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‘The Tudors’ turns bloodier in second season

The second season of Showtime's hit drama "The Tudors" turns the focus toward the rise of the Protestant Reformation during the finals days of Anne Boleyn's life.
/ Source: The Associated Press

It's no fun having your head cut off.

Natalie Dormer felt "hysterical" as she prepared to portray Anne Boleyn's final moments for Showtime's "The Tudors."

The scene was filmed at dawn in the courtyard of Dublin's famed Kilmainham Gaol, a stand-in location for the Tower of London, where the Tudor queen was beheaded on May 19, 1536.

Dormer was overwhelmed by thoughts of the queen's fate and by the potent atmosphere of the notorious prison, now a tourist attraction but once the site of many executions.

She describes her "demented" weeping and wailing at the thought of "Anne going to die, and this horrible place, and everything that is dark about the human spirit and what man can do to one another."

And to make things even more horrible, Dormer says they shot everything that is dark about the human spirit out of sequence, "so it was almost as though I needed to go through the whole upset process before I could stoically find my composure to walk up on to the scaffold," Dormer laughs.

But when the camera rolled, the 26-year-old actress pulled herself together, delivering the scene with the composure Anne had displayed as she waited for the executioner's sword to swing. Unlike the real queen, Dormer says she earned a standing ovation from the crew of onlookers when it was over.

It's no plot secret that Anne lost her head at the command of her ruthless husband, King Henry VIII (Jonathan Rhys Meyers), but this denouement won't occur until the last of the 10 episodes of the medieval drama series' second season, which premieres 9 p.m. EDT March 30.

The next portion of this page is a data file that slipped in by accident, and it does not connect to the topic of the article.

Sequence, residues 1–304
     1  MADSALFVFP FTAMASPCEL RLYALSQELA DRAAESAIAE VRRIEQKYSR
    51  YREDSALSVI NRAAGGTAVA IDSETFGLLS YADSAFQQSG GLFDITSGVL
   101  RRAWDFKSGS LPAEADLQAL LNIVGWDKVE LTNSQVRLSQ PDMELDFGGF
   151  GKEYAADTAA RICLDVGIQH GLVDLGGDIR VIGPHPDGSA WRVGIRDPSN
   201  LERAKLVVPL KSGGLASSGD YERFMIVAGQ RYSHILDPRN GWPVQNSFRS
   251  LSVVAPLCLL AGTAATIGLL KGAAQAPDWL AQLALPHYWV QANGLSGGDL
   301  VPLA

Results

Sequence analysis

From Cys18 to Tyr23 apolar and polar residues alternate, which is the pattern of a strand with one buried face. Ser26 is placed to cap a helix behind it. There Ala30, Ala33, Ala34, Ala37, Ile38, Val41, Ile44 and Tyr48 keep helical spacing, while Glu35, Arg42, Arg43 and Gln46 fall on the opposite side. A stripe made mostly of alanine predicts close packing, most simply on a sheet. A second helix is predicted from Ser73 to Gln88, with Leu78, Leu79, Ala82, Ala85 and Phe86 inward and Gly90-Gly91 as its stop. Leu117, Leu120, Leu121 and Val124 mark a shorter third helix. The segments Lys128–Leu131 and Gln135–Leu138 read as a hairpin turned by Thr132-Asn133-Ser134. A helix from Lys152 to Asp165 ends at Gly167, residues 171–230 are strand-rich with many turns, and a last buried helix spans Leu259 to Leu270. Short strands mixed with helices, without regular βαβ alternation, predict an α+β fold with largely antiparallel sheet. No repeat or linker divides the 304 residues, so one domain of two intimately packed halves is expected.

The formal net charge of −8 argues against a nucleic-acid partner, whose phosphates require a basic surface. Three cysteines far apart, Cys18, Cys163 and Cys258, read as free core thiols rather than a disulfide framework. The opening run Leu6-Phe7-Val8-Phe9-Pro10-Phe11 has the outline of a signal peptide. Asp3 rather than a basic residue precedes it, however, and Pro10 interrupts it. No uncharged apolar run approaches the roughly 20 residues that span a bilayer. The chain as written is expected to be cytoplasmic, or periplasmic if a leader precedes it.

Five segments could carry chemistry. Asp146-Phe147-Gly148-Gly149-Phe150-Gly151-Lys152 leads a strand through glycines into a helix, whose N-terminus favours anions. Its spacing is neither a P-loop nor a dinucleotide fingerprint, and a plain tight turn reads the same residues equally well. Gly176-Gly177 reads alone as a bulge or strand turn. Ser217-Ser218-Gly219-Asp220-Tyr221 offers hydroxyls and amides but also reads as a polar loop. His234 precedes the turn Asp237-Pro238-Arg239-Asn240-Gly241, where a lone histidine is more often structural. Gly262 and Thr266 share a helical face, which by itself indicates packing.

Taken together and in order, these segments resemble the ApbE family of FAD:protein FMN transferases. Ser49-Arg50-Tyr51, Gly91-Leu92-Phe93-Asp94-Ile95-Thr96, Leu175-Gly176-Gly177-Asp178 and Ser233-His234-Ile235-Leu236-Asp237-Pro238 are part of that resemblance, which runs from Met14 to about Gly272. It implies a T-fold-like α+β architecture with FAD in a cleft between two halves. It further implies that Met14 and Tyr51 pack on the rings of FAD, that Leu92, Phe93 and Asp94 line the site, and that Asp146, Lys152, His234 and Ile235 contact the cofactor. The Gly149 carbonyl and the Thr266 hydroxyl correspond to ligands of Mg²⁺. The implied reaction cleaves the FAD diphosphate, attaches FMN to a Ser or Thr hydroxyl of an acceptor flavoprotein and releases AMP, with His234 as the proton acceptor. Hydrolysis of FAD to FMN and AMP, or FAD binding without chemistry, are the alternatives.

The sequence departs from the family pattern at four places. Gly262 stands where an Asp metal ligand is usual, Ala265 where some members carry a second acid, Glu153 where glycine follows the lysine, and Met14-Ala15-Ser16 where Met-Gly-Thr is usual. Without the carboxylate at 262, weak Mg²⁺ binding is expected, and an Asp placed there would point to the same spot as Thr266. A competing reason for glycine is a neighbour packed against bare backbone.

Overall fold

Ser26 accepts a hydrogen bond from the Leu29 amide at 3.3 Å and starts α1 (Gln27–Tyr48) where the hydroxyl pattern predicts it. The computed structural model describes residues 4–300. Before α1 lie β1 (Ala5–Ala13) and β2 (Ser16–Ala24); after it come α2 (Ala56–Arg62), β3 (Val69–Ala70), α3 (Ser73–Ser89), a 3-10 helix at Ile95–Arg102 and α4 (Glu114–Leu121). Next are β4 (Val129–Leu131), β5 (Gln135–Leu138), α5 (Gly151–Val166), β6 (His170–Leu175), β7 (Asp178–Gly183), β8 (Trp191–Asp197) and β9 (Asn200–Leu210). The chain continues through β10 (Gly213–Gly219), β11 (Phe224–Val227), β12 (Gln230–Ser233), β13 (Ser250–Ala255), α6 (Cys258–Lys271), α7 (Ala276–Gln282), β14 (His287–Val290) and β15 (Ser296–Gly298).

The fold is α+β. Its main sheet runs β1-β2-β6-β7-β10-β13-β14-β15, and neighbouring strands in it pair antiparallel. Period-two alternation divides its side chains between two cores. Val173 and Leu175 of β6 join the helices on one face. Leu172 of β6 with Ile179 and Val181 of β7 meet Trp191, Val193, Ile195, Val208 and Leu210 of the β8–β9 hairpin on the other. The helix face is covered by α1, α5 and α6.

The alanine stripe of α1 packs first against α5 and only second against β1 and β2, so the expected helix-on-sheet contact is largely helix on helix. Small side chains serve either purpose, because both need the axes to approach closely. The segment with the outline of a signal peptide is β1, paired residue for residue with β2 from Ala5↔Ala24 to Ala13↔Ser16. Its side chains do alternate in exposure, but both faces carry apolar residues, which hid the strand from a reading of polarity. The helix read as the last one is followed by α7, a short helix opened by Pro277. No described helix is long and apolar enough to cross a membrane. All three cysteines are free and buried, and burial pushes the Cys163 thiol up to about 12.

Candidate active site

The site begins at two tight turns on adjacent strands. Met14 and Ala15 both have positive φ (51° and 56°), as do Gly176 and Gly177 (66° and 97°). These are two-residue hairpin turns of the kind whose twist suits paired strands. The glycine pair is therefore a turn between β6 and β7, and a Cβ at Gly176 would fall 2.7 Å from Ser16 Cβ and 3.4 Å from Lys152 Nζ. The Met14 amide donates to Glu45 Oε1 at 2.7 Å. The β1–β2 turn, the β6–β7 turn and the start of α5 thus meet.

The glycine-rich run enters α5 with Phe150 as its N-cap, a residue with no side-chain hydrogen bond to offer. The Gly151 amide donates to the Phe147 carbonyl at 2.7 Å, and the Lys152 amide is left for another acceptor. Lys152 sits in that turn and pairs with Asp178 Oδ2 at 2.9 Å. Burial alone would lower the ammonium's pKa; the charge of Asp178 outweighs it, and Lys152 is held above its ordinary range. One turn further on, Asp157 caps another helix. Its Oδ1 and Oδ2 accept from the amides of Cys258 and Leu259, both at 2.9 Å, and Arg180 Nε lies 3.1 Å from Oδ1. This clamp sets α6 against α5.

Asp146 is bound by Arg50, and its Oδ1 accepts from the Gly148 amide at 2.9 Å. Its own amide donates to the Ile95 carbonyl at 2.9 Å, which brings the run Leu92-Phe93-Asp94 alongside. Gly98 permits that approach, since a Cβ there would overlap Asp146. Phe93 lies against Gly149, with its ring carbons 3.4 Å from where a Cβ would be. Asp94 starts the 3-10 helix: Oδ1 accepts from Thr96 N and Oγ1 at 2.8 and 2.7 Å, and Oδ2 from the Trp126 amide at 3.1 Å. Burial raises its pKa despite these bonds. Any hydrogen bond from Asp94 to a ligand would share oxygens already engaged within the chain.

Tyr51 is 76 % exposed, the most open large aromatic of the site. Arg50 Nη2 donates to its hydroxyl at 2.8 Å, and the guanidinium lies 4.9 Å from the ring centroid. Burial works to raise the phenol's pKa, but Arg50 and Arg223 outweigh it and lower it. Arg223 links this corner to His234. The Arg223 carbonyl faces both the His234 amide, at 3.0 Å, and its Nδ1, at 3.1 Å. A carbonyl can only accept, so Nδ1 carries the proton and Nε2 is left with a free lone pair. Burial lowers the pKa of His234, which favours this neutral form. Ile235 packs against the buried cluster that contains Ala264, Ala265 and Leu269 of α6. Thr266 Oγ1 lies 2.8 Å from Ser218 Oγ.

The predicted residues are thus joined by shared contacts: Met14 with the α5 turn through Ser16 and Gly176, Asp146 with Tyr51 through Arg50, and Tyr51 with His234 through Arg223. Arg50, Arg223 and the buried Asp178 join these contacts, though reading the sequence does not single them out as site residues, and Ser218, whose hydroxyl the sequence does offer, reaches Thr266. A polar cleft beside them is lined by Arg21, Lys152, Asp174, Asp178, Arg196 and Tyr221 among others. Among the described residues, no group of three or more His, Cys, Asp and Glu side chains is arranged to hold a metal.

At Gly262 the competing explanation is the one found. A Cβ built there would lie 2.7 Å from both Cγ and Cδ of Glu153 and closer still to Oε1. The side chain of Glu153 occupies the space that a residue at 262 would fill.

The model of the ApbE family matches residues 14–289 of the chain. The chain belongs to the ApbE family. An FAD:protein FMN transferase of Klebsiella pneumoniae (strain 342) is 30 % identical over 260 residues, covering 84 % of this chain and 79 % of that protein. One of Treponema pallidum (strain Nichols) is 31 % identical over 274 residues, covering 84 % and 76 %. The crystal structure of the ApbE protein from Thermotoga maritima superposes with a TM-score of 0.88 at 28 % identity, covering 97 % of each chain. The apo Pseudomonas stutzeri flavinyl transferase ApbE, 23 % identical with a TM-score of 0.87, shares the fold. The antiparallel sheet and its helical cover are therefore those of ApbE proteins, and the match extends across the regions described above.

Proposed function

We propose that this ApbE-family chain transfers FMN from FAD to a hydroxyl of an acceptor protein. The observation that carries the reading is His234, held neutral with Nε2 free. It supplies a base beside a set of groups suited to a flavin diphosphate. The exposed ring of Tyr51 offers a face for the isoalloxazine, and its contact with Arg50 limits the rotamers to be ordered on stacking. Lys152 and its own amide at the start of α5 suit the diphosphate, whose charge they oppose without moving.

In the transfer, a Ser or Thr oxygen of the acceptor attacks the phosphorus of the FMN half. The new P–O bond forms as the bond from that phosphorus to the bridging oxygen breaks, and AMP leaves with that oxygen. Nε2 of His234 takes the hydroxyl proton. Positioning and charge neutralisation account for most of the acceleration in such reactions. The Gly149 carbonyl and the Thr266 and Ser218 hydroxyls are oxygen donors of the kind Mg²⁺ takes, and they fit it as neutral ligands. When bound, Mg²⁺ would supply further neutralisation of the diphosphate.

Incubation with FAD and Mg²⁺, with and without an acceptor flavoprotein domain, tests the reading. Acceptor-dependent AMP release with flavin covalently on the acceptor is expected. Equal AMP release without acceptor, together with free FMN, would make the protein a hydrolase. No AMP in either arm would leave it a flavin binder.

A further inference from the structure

"The second series is darker. It's more serious. ... There are big issues, and, of course, the big issue is the Reformation," says show creator, writer and executive producer Michael Hirst.

"Some of the things in the first series that people might have found too skittish — a band of young bloods having lots of sex and going hunting; having a rather carefree life while (Cardinal) Wolsey ran the state — that's gone," Hirst explains.

The new episodes reveal Henry taking charge of both church and state and beginning to display many of the tyrannical tendencies that ultimately dominated his personality.

Both Hirst and Dormer are staunch supporters of the casting of Rhys Meyers as Henry, which had earned some criticism because he is physically dark and slight, unlike the robust, redheaded king.

"He's not ginger, he's not tall and rotund, but the kind of alpha male that Henry was at his root, that he has — a charismatic young man, who had the eye of lots of ladies," says Dormer, who as Anne gets to feel the broad range of Henry's emotions, from love to hate to indifference.

"Henry was someone who never recognized boundaries. Nobody could tell him he couldn't do something," Hirst says, noting that Rhys Meyers also possesses a quality "you wouldn't want to mess with," which works perfectly for portraying the tempestuous king.

If the series continues into further seasons, he's hoping the 30-year-old actor will accept the challenge "to do a ‘Citizen Kane' and get big, bald, ferocious, ugly, monstrous."

But for now, Rhys Meyers' Henry remains glamorous.

Glamorous, too, is Dormer's Anne, despite all she endures.

"Natalie said, ‘Just throw everything at me,' and I did. I put her through the wringer," says Hirst. His script depicts Anne's fierce determination to stay involved in pushing through the Reformation, even as she struggles to hold on to Henry's affection and give him a son. Then there's "a kind of madness" when she's arrested and fears she may be burned at the stake.

"I was incredibly nervous about the psychological depths that she went to, the hysteria, the falling foul of herself, just the mess," says Dormer, adding she feared her Anne was "coming across as weak, and that's the last thing that Anne was." But she says Hirst reassured her that "you need to have that low in order to see it rise toward the end — to go to her death with dignity."